Below Bryant Park lies a sophisticated book archive

Bryant Park Photo: kjarrett / Flickr Creative Commons

Milstein Research Stacks is one of the most sophisticated book archives in the world. The New York Public Library facility, which is below Bryant Park, has a capacity to store more than 2,5 million research materials. It combines the best of two worlds — an old fashioned storage bunker operated with new technologies.

The stacks are a two-level 55,600-square-foot underground space linked by a 950-foot railroad with 24 train cars that can cover 75 feet per minute. It features compact shelving, so more books may be shelved in less space. About a million volumes and other materials are housed there at present.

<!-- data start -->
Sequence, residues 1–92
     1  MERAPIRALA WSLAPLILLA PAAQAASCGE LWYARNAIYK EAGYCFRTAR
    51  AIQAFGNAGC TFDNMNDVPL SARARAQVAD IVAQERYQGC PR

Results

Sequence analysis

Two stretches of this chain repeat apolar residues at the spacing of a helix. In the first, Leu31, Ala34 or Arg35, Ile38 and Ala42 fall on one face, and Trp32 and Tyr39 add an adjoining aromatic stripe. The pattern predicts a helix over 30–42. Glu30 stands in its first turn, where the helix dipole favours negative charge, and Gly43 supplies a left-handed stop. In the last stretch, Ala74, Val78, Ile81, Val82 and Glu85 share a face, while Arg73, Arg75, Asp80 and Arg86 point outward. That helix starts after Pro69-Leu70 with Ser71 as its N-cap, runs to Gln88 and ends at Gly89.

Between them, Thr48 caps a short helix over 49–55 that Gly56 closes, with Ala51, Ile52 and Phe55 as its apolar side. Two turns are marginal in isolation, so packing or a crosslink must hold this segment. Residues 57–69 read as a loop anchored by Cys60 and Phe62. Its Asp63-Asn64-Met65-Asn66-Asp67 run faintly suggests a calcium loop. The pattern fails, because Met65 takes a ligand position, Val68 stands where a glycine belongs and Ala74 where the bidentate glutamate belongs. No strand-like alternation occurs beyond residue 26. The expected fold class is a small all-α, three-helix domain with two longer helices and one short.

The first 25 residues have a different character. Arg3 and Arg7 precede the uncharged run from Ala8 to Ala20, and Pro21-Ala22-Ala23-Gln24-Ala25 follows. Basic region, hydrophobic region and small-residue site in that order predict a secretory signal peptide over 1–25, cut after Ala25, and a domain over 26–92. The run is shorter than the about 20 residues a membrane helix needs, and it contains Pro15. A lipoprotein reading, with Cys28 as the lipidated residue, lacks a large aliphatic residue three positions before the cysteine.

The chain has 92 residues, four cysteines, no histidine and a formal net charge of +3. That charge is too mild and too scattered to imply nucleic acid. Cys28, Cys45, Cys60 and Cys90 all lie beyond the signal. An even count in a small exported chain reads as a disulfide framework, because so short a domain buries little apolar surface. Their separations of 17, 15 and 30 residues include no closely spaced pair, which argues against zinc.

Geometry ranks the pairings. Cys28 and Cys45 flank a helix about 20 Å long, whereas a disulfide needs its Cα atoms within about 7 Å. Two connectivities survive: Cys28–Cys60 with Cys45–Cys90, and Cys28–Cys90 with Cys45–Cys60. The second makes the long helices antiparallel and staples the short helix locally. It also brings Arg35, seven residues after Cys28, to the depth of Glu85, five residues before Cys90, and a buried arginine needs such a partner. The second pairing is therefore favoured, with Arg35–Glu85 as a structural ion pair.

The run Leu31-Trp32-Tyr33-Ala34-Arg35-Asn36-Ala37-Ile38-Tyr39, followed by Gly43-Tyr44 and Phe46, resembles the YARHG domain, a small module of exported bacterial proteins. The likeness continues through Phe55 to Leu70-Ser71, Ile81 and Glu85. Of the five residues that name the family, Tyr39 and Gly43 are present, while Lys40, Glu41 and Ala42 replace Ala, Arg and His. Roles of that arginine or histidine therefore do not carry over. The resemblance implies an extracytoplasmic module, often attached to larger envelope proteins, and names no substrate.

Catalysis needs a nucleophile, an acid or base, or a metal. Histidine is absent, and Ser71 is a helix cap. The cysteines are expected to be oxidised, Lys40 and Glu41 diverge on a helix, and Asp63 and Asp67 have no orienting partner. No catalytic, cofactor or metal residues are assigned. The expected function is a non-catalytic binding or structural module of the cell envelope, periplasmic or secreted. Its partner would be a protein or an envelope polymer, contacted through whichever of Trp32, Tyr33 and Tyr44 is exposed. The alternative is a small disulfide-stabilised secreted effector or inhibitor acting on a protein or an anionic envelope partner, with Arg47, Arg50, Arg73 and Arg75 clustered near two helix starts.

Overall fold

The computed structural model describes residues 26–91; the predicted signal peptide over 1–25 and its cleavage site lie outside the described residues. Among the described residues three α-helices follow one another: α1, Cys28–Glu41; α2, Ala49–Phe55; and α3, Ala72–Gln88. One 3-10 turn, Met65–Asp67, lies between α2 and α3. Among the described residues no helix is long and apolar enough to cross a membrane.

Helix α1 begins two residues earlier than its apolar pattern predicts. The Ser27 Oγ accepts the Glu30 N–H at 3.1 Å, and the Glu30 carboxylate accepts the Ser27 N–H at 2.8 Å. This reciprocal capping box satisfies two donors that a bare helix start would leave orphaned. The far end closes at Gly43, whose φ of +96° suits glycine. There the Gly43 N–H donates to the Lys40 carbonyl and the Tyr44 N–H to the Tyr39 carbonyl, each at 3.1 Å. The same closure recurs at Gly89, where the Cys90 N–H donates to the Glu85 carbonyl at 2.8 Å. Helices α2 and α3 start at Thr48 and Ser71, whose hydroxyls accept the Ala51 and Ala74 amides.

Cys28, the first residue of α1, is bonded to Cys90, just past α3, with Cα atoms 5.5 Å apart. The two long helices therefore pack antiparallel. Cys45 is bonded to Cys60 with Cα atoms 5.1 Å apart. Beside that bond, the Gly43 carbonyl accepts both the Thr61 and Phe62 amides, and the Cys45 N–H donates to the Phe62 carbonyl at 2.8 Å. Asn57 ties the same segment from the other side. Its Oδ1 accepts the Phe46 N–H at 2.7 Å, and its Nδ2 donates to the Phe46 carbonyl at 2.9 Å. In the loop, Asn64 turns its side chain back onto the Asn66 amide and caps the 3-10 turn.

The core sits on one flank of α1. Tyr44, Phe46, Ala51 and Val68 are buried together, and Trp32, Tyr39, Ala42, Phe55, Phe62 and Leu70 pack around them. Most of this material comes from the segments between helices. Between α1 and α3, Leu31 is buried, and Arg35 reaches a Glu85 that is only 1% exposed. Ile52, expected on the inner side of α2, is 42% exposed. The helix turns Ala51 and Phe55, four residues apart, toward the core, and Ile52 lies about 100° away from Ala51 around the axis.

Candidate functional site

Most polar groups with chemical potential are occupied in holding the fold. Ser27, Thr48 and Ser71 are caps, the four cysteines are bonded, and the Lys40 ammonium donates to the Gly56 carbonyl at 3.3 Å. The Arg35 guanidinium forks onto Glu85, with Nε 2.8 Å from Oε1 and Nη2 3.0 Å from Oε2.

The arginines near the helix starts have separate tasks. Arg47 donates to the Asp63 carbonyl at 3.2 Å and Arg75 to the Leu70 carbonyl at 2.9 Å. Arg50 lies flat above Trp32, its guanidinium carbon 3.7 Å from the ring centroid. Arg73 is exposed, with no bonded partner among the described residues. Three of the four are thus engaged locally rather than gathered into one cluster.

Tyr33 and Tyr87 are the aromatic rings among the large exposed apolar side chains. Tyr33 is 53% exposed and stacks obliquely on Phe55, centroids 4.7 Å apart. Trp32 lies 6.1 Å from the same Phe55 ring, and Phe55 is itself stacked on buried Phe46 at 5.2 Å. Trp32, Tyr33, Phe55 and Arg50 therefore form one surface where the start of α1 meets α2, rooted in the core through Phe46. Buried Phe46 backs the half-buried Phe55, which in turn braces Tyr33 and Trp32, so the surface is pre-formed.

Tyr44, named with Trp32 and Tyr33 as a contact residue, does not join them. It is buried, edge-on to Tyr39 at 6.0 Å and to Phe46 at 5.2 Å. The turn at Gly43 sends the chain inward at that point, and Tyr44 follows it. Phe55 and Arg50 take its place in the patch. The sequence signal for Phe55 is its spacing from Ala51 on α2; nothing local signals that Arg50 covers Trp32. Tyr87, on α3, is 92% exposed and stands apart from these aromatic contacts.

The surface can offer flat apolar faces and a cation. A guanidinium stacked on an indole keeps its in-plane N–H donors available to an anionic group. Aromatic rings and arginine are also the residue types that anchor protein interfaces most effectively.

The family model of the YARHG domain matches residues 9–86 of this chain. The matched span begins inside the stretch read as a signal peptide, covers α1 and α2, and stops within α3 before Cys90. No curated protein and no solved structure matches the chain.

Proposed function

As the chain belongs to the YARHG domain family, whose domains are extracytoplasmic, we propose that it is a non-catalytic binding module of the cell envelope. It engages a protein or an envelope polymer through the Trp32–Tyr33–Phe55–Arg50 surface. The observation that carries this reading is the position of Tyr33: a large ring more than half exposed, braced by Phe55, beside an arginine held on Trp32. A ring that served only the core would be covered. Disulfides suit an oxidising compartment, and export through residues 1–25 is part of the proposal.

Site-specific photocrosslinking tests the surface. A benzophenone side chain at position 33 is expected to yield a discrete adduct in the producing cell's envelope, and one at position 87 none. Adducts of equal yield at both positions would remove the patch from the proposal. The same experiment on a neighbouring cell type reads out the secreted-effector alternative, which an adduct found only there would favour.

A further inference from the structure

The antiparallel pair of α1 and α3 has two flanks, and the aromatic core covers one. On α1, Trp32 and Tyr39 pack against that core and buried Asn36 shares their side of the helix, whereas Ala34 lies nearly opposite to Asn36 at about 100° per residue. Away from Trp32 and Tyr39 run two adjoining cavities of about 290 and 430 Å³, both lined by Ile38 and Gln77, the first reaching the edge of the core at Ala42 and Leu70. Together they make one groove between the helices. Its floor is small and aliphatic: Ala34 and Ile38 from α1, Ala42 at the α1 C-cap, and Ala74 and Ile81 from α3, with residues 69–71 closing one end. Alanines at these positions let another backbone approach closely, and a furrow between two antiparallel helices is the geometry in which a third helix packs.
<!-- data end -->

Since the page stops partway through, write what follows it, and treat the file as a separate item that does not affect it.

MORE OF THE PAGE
In order to keep the books in good conditions, the stacks are climate-controlled at a constant of 65-degree environment (with 40 percent humidity). In addition to the climate-control system, extensive drainage was installed to keep the storage area dry.

Originally excavated in the 1980s, only the upper level was opened, in 1991. The lower level remained unfinished and unused until it was recently converted into the Milstein stacks. The library revisited the project after many critics voiced against its plan to move most of its research materials to a storage facility in New Jersey.

To fit all the books in the allotted space, the library has abandoned the Dewey Decimal System, in which shelving is organized by subject, in favor of a new “high-density” protocol in which all that matters is size. Books will be stacked by height and tracked by bar code rather than by a subject-based system.

The renovation was made possible with an $8 million donation from Abby and Howard Milstein, longtime library benefactors.

Notes on literature, media & technology.